Saturday, January 22, 2011

Gardening for TEOTWAWKI

A few posts back, a reader asked about gardening and non-hybrid seed procurement. Here's my take on the subject:
  • If you aren't currently gardening and we have a massive global food shortage in the next few years, you will probably starve to death. I'm not being dramatic, it is just a fact. You've seen how people clamor for food in a localized shortage (Haiti, the tsunami areas, etc) and that is when the whole world is working together to get them food. Now imagine what would happen if all of the countries of the world are facing massive food shortages. No one will be coming to bring you food.
  • Gardening has a learning curve to it and it also has a time lag which means if you want to eat from your garden, first you need to start gardening (and experiment...and not expect to harvest a lot to begin with...and work...alot. Then experiment some more and figure out why some of the stuff you planted didn't grow. Repeat.), then you have to wait for your garden to produce (some things grow fairly quickly, other items take months), then you have to learn how to process your food via canning, freezing, pickling, etc. for future use.
  • To be completely self sufficient, you need to start with a good assortment of seeds and then you need to learn how to save seeds from what you produce to plant the next season. This is where non-hybrid seeds come in as some vegetable seeds that you buy at the store often only come in hybrid varieties. Here's a good explanation about why you want to use non-hybrid seeds:
  • Then there is the whole natural disaster possibility. Farming, and on a smaller scale, gardening, is particularly susceptible to all kinds of natural disasters that can wipe out your entire crop including floods, freezes, drought, blight, animals and bugs eating your crops, etc.
  • Another thing to worry about is how you will protect your crops. If there is such a food shortage that your neighbors are literally starving, the little fence around your garden won't keep them out. Then what will you do?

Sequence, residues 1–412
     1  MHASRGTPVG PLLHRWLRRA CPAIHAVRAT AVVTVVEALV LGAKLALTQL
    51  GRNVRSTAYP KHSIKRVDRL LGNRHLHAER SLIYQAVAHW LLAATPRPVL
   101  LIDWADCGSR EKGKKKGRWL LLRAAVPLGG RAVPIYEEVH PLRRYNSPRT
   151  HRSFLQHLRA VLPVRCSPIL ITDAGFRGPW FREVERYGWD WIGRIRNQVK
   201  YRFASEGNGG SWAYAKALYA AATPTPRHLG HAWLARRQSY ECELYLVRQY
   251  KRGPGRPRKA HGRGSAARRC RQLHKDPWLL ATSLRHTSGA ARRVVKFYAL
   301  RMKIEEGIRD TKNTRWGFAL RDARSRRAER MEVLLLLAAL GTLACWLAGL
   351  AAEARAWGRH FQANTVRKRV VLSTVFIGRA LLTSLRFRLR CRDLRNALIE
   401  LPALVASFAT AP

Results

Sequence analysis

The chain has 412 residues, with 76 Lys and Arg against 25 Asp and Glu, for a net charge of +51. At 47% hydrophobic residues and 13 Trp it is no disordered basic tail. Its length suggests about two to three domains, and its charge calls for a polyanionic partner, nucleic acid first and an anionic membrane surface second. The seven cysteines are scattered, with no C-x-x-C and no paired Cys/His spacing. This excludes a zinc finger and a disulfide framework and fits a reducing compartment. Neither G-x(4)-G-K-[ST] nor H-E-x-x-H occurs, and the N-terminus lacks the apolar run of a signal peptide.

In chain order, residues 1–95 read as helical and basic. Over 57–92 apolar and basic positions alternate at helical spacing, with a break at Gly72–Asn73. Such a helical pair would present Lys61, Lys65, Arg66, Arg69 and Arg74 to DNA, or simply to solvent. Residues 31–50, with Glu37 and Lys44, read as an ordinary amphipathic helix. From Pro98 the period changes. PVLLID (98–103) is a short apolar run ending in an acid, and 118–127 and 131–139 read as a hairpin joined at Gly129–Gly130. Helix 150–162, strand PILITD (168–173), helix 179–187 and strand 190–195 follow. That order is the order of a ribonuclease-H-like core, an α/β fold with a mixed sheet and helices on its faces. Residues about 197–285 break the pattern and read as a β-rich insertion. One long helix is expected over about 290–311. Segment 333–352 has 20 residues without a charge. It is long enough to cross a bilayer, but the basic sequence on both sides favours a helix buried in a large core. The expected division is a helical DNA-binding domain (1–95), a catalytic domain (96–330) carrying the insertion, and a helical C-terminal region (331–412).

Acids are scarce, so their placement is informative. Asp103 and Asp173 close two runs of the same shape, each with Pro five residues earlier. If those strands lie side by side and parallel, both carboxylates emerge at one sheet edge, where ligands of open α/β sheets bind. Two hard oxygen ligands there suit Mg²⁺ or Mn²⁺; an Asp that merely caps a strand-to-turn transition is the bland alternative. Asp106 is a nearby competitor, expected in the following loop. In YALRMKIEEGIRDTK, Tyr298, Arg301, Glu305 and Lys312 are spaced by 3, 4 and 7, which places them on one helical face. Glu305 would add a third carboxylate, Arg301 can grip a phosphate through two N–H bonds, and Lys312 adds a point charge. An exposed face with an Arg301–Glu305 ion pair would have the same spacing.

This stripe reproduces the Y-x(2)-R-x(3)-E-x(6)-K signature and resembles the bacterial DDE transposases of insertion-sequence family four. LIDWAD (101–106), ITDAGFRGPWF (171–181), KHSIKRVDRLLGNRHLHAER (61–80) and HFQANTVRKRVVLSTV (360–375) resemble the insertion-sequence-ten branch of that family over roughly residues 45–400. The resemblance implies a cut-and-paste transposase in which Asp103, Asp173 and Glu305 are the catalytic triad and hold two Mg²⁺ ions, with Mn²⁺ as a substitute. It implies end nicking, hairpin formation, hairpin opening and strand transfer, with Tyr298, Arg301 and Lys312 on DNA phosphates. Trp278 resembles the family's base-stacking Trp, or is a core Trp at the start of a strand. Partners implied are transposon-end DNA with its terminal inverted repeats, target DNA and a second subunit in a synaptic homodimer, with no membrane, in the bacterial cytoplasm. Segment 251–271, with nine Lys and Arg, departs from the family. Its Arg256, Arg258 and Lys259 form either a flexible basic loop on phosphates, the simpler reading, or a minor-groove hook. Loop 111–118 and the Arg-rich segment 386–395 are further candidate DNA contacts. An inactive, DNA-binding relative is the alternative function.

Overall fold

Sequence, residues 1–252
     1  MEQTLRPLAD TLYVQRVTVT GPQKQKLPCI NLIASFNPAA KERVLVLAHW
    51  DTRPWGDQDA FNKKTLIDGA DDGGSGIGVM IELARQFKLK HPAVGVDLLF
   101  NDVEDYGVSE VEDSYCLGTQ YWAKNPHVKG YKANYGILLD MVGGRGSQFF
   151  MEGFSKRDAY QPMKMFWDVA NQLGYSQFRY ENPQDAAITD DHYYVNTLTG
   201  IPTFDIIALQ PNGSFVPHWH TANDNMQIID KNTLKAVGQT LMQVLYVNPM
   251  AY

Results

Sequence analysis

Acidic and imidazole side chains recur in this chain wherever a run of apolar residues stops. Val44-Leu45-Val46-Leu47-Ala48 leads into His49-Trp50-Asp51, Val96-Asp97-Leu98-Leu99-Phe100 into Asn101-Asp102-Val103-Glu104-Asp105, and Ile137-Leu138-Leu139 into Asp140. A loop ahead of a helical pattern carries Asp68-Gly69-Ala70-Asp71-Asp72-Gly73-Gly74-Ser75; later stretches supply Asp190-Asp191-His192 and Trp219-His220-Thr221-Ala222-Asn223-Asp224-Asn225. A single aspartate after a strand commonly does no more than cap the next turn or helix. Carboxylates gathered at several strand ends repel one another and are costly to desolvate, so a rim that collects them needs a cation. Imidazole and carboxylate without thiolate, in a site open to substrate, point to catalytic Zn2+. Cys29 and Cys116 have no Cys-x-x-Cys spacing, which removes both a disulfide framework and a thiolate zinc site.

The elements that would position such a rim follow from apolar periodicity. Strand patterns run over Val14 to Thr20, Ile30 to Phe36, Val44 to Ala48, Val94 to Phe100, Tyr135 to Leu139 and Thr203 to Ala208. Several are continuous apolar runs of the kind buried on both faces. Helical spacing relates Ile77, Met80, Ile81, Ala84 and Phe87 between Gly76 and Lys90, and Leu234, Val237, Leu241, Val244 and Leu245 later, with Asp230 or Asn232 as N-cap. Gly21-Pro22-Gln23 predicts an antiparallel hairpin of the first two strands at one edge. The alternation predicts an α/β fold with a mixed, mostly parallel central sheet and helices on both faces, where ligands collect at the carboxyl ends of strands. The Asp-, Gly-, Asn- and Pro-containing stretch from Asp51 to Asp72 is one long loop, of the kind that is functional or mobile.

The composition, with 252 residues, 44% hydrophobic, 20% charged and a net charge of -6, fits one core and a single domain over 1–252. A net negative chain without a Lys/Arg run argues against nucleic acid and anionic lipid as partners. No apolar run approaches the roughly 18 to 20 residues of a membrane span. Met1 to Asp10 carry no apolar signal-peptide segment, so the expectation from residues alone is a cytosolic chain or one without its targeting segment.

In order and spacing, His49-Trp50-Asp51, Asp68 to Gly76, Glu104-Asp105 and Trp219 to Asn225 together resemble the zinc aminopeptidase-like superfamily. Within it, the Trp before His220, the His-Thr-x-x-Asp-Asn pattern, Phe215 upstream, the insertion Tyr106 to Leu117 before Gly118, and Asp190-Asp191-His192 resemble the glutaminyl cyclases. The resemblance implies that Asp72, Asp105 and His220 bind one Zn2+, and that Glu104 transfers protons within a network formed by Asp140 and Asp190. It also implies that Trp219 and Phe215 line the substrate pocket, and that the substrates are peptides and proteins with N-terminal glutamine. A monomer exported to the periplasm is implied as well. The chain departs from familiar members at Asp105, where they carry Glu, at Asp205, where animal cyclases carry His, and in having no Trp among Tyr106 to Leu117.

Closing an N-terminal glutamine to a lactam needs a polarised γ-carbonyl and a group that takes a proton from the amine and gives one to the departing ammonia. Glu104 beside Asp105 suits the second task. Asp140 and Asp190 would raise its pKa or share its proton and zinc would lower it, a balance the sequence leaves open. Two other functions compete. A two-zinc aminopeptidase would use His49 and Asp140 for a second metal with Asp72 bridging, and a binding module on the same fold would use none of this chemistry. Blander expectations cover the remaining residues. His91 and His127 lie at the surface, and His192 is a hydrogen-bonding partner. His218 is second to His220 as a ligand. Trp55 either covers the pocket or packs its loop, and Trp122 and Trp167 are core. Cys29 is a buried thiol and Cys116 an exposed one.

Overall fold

• For a number of reasons, it won't be feasible to grow all of the plants you need to sustain yourself. Think of all of the foods that you eat. Could you grow all of these plants? Growing a variety of grains (wheat, oats, rice) is difficult for many reasons, including the fact that some may not grow well in your climate, the amount of land you would need to grow these grains, and the amount of processing they would need after harvest. Other things you have come to rely on such as coffee and spices may not even grow in your area. Because of these things, you may need supplements to cover all of the nutrients you wouldn't get from your limited garden.
  • Most people don't have the land needed to grow enough to feed their family year round. I like the 'square-foot-gardening' theory but when it comes to production farming you need land. To harvest the ton of food you may need, you need land. Five acres, ten acres...hundred acres... Oh yeah, you also need the people to do the work, thus the large farm families of decades past.

Here's some things to do:

  • By all means, start gardening even if it is only tomato plants on your apartment balcony. At least you will learn something about growing your own food.
  • Consider other types of gardening such as sprouting seeds, growing mushrooms in a closet, hydroponics, etc.
  • Learn how to forage for food in your local area (this is a good skill to know but not a complete solution to food shortages because everyone and their brother will be out doing the same thing).
  • Stockpile supplements and vitamins.
  • Practice putting food up for future use. Canning, drying, pickling, freezing, making jam...all of these valuable skills are really not that difficult with practice, unfortunately doing these things is not nearly as common as they were in years past.
  • Learn how to trade your produce with your neighbors. This will allow you to bring in a wider variety of produce than what you could grow yourself.
  • Consider sea vegetables (seaweed, kelp, etc).
  • Find local sources of fruit and vegetables. Join a CSA or a co-op, go to u-pick farms, check out local ethnic market and vegetable stands, etc.
  • And the obvious: stockpile at least a year's worth of food (canned, frozen, dried, etc).


  1. Insight, great stuff as always and much thanks!

    I'm well aware of the issues that are bearing down on us (hence why I asked), and I'm happy to get some ideas from your post.

    One other item that may be a good subject to discuss, seeing as its just after the first of the year, is getting in shape physically for the New Year. The most valuable individuals in a SHTF scenario are those who are the most physically capable.

  2. Ryan, Excellent suggestion! Check today's post.